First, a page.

The People’s Bank of China announced yesterday the release of its currency from the chains of its former peg. Or, to be precise, the yuan will ebb and flow as defined by a managed float administered by its central bank master. Think of it as a cross between a peg and a true float: a little of each and something less than either.

Whatever label applies, the news was something less than, well, news other than the timing. Expectations have been widespread that China would soon allow the forces of supply and demand a greater say in valuing its currency. Indeed, Treasury Secretary John Snow has been pushing for no less for some two years, and financial journalists have been writing about it for just as long.
The fact that the news of the yuan float came yesterday as opposed to last week or next month captured the attention of the business pages around the world. And rightly so, as the ramifications for the long term are at once complex and enormous. That’s to be expected, given the size of China’s economy and its growing integration with the world economy. But if anyone was truly shocked, shocked to learn that the yuan had shed its peg shackles just hasn’t been paying attention.
Among the markets that have arguably suffered from attention deficit disorder regarding the yuan is the bond market here in the U.S. Yesterday, the benchmark 10-year Treasury Note’s yield jumped by 12 basis points to a close of 4.28%, the highest since early May in the wake of the Chinese currency news. If there’s any criticism due fixed-income traders, one could argue that the market should have been elevating long yields all along in anticipation of higher prices tied to Chinese goods. “In theory, a stronger Chinese currency should raise import prices,” Jay Bryson, global economist at Wachovia Corp., tells USA Today.
Another dismal scientist reminds that “over the past 10 years, Wal-Mart has been able to take prices down, putting pressure everywhere” by producing or buying 85% of its products in China, observes John Bott, chief economist of Tri-Star Financial, a Houston broker/dealer, in yesterday’s Houston Chronicle. But if the yuan rises against the dollar, as it did on its first day of float, higher prices for dollar-based buyers of Chinese goods are a forgone conclusion. In that case, “we will import that inflation” born of a stronger yuan, Bott says of America’s to-date rising appetite for items exported from the world’s fastest-growing large economy.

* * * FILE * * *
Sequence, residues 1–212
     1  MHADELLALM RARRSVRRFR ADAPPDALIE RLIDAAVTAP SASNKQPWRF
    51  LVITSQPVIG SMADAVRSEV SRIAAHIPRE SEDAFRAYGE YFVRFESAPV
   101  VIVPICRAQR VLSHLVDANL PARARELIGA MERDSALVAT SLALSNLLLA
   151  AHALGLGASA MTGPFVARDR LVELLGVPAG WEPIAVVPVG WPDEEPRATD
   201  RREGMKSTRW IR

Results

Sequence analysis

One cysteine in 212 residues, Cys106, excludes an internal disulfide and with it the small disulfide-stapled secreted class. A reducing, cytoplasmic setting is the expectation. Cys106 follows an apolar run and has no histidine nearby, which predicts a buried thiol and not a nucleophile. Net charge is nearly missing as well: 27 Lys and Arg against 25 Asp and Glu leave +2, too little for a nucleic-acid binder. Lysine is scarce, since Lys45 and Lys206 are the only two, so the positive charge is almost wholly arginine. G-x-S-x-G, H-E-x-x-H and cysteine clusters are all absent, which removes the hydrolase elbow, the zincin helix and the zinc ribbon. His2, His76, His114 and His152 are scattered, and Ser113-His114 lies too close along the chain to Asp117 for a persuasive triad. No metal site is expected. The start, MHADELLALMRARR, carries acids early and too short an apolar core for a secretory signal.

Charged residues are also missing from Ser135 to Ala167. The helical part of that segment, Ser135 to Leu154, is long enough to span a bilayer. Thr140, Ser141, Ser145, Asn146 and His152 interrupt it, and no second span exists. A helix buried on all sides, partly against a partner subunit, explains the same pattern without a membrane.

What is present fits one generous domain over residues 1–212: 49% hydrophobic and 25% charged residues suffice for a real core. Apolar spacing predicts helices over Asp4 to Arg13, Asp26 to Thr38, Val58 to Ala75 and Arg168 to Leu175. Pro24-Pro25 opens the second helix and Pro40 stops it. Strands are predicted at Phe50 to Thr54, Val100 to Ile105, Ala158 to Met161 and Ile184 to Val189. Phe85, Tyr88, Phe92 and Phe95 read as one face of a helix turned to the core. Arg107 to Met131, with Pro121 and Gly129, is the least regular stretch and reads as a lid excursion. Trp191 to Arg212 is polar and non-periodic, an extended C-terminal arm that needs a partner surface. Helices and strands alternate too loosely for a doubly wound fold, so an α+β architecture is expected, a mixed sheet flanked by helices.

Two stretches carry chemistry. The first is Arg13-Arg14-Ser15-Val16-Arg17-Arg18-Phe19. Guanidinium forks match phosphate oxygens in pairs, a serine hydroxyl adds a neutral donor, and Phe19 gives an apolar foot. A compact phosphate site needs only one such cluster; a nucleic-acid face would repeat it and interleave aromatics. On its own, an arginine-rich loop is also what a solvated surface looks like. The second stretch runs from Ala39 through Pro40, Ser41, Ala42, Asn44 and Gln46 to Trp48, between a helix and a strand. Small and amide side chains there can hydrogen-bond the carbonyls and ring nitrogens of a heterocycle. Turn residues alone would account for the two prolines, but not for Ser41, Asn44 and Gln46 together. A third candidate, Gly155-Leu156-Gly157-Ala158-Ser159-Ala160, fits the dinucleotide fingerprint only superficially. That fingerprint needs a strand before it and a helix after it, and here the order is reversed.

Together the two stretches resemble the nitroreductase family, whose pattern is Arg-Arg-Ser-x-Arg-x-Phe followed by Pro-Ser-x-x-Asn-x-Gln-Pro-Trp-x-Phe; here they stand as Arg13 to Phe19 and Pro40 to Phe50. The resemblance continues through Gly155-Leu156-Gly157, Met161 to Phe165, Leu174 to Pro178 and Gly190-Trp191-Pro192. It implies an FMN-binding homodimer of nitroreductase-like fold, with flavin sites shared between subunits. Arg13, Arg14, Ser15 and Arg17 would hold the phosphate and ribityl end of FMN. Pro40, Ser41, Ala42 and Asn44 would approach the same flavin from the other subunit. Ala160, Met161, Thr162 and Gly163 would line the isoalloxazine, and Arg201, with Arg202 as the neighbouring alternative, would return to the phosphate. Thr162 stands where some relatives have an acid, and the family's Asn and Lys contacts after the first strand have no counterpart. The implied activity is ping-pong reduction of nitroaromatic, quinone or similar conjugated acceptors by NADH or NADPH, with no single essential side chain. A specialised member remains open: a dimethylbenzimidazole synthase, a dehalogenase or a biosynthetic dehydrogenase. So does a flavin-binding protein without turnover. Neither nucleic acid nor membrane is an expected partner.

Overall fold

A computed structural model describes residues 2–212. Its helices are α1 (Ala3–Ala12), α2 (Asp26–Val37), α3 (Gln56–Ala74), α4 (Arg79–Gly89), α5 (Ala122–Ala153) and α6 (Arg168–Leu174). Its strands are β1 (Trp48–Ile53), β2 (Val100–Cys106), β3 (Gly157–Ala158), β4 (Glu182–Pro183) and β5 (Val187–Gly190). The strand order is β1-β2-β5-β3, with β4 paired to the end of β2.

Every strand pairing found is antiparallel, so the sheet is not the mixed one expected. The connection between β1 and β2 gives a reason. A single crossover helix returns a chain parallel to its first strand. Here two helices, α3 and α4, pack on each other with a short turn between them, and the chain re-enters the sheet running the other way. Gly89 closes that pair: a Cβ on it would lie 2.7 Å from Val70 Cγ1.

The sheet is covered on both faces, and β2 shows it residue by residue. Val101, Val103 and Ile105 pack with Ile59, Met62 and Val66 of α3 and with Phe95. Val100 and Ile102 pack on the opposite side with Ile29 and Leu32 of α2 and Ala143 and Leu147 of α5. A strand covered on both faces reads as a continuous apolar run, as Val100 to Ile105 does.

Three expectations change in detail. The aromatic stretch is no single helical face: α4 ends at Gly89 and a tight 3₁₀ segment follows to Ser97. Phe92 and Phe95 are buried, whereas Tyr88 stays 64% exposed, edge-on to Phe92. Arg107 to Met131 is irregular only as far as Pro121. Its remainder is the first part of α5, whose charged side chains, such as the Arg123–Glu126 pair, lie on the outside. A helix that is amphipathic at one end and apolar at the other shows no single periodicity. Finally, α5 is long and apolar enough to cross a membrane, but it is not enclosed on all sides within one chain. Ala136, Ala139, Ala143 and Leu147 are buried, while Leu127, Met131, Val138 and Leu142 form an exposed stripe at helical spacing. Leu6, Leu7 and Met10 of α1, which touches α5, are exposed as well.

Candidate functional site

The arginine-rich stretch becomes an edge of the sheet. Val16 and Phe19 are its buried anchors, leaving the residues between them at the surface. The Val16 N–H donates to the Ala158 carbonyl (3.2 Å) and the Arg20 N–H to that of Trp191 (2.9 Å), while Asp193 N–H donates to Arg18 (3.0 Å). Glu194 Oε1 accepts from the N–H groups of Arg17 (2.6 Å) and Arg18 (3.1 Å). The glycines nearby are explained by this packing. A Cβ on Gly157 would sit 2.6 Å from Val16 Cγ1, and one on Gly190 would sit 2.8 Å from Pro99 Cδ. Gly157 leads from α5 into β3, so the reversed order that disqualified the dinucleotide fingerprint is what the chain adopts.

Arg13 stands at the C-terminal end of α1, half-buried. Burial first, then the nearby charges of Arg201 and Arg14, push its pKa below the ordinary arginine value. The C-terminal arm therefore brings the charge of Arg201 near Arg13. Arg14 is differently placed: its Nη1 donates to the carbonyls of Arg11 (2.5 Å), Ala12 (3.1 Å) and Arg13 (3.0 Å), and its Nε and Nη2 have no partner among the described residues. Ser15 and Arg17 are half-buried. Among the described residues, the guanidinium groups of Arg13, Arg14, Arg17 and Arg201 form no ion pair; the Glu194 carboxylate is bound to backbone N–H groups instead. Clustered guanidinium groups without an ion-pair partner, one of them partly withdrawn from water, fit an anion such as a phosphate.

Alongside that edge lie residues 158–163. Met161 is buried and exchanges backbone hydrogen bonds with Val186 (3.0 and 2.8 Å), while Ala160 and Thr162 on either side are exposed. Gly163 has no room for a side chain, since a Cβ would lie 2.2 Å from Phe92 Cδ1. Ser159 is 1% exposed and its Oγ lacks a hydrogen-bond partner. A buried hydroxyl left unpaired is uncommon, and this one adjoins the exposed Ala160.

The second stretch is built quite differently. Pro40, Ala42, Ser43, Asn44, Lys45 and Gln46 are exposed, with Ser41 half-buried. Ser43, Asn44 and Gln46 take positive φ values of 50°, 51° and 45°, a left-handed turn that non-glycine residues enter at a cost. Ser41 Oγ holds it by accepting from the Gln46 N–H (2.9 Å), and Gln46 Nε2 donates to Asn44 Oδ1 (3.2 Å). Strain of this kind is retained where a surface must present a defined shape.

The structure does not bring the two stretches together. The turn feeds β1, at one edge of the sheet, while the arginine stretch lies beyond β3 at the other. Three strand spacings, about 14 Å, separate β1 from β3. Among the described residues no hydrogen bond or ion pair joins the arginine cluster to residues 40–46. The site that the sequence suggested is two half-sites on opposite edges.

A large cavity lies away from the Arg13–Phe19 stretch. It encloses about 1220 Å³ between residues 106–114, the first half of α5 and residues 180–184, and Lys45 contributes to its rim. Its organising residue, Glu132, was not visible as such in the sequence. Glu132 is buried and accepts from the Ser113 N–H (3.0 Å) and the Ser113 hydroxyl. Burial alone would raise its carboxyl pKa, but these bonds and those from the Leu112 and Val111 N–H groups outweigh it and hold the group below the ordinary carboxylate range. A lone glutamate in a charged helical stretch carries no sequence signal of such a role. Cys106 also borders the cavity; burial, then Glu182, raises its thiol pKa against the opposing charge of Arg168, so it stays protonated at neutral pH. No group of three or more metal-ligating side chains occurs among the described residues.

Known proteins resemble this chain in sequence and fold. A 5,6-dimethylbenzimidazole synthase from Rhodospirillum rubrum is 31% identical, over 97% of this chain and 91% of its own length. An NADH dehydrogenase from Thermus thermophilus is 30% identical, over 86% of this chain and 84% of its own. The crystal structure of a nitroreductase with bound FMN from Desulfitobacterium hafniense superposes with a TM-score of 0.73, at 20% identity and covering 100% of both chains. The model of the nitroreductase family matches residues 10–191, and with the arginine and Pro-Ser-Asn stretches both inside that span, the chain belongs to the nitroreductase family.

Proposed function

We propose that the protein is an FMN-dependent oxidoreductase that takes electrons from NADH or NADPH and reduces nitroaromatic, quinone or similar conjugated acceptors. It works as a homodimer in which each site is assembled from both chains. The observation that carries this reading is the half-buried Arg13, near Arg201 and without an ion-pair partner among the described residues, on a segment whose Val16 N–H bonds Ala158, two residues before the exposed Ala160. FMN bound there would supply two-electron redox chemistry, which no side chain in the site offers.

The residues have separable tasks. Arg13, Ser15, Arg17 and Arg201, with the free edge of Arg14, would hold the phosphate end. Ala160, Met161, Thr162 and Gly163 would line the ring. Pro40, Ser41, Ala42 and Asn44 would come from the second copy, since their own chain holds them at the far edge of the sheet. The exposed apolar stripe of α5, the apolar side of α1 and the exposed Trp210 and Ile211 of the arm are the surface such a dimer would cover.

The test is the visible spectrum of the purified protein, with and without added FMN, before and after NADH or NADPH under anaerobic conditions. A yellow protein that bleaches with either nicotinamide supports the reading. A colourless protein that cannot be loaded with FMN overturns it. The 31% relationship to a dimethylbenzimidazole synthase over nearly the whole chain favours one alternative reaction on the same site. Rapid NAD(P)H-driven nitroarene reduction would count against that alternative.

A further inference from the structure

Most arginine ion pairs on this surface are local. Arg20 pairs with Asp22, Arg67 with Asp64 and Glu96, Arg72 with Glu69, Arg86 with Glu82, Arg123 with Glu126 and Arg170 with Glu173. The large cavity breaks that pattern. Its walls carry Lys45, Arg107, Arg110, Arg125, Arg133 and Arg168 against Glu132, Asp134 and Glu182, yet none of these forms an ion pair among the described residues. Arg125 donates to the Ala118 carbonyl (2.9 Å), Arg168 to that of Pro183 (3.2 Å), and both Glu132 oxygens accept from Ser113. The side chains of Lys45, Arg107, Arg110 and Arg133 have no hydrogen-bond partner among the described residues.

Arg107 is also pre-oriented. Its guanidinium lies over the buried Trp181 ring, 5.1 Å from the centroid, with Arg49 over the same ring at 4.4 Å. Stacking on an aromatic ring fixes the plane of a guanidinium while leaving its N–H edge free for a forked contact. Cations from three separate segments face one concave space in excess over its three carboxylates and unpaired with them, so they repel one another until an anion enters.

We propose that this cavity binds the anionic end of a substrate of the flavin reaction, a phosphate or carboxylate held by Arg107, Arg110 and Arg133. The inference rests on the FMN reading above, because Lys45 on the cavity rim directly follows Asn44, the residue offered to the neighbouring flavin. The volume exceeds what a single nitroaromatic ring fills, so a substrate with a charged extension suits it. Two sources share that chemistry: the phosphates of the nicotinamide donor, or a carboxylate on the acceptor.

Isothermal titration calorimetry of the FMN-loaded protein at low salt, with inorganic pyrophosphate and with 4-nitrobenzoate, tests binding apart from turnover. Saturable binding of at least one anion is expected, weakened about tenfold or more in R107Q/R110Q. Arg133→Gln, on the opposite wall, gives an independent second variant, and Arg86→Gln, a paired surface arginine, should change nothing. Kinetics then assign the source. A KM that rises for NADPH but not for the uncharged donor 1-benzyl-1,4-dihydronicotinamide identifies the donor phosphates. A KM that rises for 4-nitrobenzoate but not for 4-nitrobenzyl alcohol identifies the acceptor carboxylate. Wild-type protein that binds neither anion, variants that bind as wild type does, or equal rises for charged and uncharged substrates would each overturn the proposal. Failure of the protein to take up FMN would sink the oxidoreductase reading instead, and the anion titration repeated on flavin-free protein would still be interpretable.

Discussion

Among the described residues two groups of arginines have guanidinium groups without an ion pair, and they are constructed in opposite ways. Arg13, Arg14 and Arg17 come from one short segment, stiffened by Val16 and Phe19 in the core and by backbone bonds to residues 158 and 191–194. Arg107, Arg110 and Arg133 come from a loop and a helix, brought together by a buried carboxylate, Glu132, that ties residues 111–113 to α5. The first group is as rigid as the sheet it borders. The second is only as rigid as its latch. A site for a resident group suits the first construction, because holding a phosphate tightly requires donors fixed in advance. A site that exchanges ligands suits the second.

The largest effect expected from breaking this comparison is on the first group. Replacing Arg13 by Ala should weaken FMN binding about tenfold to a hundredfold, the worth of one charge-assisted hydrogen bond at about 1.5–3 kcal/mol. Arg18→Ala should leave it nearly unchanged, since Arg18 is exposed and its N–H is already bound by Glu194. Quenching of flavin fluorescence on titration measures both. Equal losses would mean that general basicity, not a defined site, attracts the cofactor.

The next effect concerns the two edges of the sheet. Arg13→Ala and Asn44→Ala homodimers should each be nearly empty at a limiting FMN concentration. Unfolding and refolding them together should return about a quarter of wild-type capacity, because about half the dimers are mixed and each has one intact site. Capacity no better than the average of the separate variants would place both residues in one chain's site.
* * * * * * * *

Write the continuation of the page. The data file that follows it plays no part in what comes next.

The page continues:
There’s also a fear that a strong Chinese currency will add one more reason for oil’s price to rise. As Bloomberg News today reported, “Crude oil gained for the first day in three on speculation China’s refiners will boost imports and increase output of fuels after the country yesterday let its currency rise against the dollar for the first time in a decade.” The story also quotes analyst, Jonathan Copus of Investec Securities in London, saying that oil demand in China could increase because “in the near term, it increases the purchasing power for crude and other commodities.”
To be sure, the government-approved 2% move that defined the first day of the yuan’s new era of managed float isn’t likely to have much impact on the TV sets and Barbies that routinely arrive on America’s shore from the Middle Kingdom’s factories. But almost no one thinks a 2% change is the end of the yuan’s flirtation with market pricing; rather, it’s only the beginning, and where it ends is anyone’s guess.
The extent of higher prices depends on how much the yuan rises, and the options available for importing from less costly sources or, say a few optimists, producing more stuff on the home front. But if there’s a chance that all will work out well for the U.S. economy, Euro Pacific Capital’s president, Peter Schiff, doesn’t see it. “China’s decision to change the nature of its currency peg means that it will no longer be in the dollar buying business, or by extension, the U.S. Treasury buying business,” he writes in a commentary posted on the firm’s web site. The implications, as Schiff see them, are as follows:
1. Higher consumer prices.
2. Higher interest rates.
3. Reduced profits for American companies, particularly those dependent on domestic consumption and consumer debt.
4. Lower stock prices, as earnings decline and multiples contract.
5. The busting of the housing bubble, as tighter credit standards and higher interest rates squeeze current home prices.
6. Rising unemployment, as higher interest rates and vanishing home equity slow consumer spending and reduce jobs dependant on that spending.
7. A severe recession as a result of all of the above.
8. Rising federal budget deficits, as recession reduces tax revenue, while higher interest rates and escalating outlays increase expenditures.
Schiff, a long-time pessimist on the dollar’s future, finds the yuan’s new status in forex as one more reason to stay bearish on the buck. But if the dollar’s headed for rougher waters, it wasn’t obvious today. The dollar rallied smartly today, as per the U.S. Dollar Index. Meanwhile, gold retreated a bit in sympathy. Even the 10-year Treasury reassessed its first reaction to the yuan news, with the yield on the benchmark bond pulling back in today’s session.
All of which suggests that if an economic Armageddon triggered by the Chinese currency is coming, it’ll have to wait till Monday. Enjoy the weekend.